A letter to the Gazette on 15 October 1917, by “DJM”, Donald J Macleod, Inspector of Schools (not DJ Maciver as previously indicated.)
‘Neiseach’ [from a previous correspondence] maintains there are no pre-Norse Celtic remains in our island. That is not so, I may be able, in a limited way to illustrate at first hand. In 1915, I was fortunate enough, with the aid of a friend, to recover certain articles of antiquarian interest from a Viking grave at Valtos, Uig. These included two large oval Scandinavian brooches of brass, a connecting chain of the same metal, an amber bead, a fairly large heavy circular bronze ornament with raised centre and surface decorated with incised looped cords characteristically Celtic, a Celtic penannular brooch of bronze, a buckle and belt mounting also of bronze, with what Mr Curle, of the Scottish Museum, to which they were sent for expert examination, termed “double interlaced knotwork typical of the Celtic manuscripts of the best period. Also an iron knife and socket spear-head much corroded. A full description, with figured plates, will be found in the last volume of the Transactions of the Scottish Antiquities Society. It will be noted that all (and only) the bronze articles are indubitably Celtic. Mr Curle places the state of the burial about 850, and the fashioning of the ornaments at a very much earlier date. Of course, if may be suggested that they were the spoils of a Viking raid in Ireland, but the much more probably explanation is that these ornaments were secured from some Lewis source, probably a native family of distinction. In any case they are remains of an early age, found in Lewis, and as Celtic as any ever discovered from Cape Clear to the Butt.
A year earlier I retrieved from an interesting shell and sand mound at Kneep (Cùl Briagh Hàis; N. Hals, neck) near Traigh na Beirghe (N. berg, large rock) three stout bronze pins or skewers, about four inches in length. These pins are found at rare intervals by the natives, especially after violent storms that disturb the sand. They have been picked up in this neighbourhood at odd times from time immemorial. A stratigraphical examination of the ruined mound face and the neighbourhood reveals in places strata of shells and animals’ teeth, sand, pieces of pottery and a variety of debris, including, on occasion, human bones. The pins are called in Gaelic by the natives Deilg Fhionndrainn, but they do not know what the term means. The significance of the word fionndrainn has been utterly lost to the them for ages. Yet we find it in the older Irish writings, and we have it in the ancient Ossianic lay, Duan na Muireartach (Muir Iartach, western sea.)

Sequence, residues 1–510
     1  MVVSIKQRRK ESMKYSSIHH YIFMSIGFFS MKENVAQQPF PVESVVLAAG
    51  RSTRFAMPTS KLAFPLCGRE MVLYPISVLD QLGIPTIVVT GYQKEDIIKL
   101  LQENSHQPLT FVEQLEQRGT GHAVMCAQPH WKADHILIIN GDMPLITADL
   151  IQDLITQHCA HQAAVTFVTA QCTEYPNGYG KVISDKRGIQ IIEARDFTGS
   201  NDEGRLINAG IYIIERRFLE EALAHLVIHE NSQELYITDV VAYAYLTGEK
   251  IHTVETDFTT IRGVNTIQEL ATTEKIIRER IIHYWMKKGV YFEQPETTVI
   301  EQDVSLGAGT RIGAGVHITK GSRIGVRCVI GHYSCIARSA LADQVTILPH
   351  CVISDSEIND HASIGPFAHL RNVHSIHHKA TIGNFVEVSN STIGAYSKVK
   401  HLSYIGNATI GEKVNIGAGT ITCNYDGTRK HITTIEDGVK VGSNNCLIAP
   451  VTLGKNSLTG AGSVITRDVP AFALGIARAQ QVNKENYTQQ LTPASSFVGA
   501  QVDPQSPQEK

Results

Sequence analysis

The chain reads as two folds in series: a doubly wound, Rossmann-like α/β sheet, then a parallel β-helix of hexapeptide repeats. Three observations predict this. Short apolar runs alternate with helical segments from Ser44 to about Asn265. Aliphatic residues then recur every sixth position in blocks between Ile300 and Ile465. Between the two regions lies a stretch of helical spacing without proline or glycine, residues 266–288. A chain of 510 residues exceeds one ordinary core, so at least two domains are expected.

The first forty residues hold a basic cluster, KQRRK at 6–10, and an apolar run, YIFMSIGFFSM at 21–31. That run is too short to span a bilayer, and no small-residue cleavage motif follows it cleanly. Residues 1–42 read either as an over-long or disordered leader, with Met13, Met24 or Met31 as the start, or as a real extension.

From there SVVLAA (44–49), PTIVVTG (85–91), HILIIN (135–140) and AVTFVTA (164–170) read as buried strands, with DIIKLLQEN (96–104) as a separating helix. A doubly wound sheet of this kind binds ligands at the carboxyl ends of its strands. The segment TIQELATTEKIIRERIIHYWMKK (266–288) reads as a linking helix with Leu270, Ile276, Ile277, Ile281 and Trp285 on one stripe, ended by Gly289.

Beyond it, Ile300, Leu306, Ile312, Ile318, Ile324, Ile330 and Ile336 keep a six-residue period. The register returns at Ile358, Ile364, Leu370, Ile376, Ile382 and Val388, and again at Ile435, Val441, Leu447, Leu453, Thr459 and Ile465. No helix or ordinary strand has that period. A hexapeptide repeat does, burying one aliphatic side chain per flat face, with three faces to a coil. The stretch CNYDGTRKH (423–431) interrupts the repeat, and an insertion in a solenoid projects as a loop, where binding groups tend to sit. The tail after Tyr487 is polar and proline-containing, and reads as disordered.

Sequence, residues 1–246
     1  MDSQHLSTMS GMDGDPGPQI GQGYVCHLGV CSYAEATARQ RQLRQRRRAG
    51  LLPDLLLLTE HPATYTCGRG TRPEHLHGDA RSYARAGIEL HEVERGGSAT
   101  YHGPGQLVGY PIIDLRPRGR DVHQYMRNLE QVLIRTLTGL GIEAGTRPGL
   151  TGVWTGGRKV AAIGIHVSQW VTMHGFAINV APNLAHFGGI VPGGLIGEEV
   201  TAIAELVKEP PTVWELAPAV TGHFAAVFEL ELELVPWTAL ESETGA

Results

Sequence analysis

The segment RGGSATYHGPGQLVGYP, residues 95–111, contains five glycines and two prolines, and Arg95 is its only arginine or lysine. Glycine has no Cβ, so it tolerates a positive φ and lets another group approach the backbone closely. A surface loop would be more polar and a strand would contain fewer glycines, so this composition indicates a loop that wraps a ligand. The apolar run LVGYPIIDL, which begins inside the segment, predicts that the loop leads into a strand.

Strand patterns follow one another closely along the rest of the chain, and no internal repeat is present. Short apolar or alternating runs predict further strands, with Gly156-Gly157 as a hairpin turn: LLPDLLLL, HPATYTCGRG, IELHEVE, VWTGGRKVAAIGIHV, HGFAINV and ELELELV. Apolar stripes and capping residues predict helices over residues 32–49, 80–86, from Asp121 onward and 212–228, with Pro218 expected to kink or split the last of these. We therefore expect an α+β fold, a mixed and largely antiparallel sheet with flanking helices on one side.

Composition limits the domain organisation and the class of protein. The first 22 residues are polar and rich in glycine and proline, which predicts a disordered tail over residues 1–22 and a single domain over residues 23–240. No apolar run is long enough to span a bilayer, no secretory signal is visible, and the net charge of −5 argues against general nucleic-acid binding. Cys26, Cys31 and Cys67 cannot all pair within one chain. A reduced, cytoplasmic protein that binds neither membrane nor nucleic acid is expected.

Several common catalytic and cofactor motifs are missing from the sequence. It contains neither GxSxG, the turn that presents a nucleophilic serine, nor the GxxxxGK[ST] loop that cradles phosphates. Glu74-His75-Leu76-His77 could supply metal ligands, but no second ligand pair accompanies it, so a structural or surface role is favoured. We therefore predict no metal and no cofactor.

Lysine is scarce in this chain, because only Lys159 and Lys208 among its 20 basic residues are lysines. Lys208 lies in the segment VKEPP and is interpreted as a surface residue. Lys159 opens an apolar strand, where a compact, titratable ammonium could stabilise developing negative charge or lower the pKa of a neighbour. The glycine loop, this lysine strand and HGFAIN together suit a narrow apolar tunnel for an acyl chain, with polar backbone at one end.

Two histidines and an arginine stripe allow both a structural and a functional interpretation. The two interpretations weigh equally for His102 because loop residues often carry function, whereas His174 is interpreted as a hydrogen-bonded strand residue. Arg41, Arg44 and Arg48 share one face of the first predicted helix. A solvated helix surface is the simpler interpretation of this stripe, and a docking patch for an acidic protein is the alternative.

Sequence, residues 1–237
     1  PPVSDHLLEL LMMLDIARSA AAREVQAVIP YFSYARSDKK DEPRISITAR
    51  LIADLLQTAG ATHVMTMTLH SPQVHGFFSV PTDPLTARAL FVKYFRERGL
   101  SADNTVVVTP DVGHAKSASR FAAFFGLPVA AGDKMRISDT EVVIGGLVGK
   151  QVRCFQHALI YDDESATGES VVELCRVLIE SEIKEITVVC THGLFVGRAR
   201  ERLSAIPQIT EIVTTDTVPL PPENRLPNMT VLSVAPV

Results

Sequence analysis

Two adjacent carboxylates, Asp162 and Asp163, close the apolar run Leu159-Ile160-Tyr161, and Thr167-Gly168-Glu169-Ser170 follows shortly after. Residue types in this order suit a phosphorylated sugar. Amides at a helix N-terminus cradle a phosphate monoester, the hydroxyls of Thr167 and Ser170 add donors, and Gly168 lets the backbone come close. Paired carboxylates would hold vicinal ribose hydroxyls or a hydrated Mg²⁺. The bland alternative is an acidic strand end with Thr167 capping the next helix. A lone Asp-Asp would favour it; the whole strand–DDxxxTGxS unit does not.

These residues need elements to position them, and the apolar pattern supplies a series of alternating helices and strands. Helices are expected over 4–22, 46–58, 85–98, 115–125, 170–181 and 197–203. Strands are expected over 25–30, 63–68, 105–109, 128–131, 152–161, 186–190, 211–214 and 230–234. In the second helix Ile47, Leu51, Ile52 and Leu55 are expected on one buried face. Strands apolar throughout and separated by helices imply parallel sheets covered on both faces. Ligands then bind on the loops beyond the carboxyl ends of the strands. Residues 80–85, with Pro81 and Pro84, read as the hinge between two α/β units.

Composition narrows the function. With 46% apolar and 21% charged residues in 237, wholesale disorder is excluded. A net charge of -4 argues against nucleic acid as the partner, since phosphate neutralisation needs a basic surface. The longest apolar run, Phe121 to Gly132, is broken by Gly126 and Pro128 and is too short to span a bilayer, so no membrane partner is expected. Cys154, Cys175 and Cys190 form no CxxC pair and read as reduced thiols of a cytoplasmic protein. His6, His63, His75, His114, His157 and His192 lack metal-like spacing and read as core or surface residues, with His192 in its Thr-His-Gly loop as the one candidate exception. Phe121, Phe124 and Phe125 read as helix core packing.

Ged gheibhinn barr-brìgh Eireann uile
Ah-òr, a h-airgiod, is a fionndruinn
B’Ghearr leum fo stailin mo laimh
Ceann Oscar, Raoin, is Iollainn
It means “white bronze,” possibly indicating a composite metal with a high percentage of tin. Here we have, then, in our own day, among a Gaelic-speaking people, articles of the earliest historic times, whose use in unknown and whose Gaelic name, correctly remembered as to sound down the centuries, is to them unintelligible. And we need now wonder, for the term is long obsolete in Scottish Gaelic. The inference is surely clear.
On the same occasion I received from interested Uig friends for transmission to the Scottish Museum, where, with the above, they now rest, two arrow-heads, one of local white quartz and the other of peculiar blue flint. The quarts arrow-head was found “in the sixth peat in depth” in a peat-bog, and the flight one on a hard rocky bed. Both were exceedingly well fashioned, with a tang and double barb, but the specially interesting feature is that the blue flint is not local to Lewis, and that, so far as my present information goes, the nearest place it could have come from the north of Ireland. In any case it betokens intercourse furth of the island at a very early period.
A more recent interpretation of the finds, and of graves subsequently excavated at Kneep, is in Ian Armit’s Archaeology of Skye and the Western Isles (EUP 1996).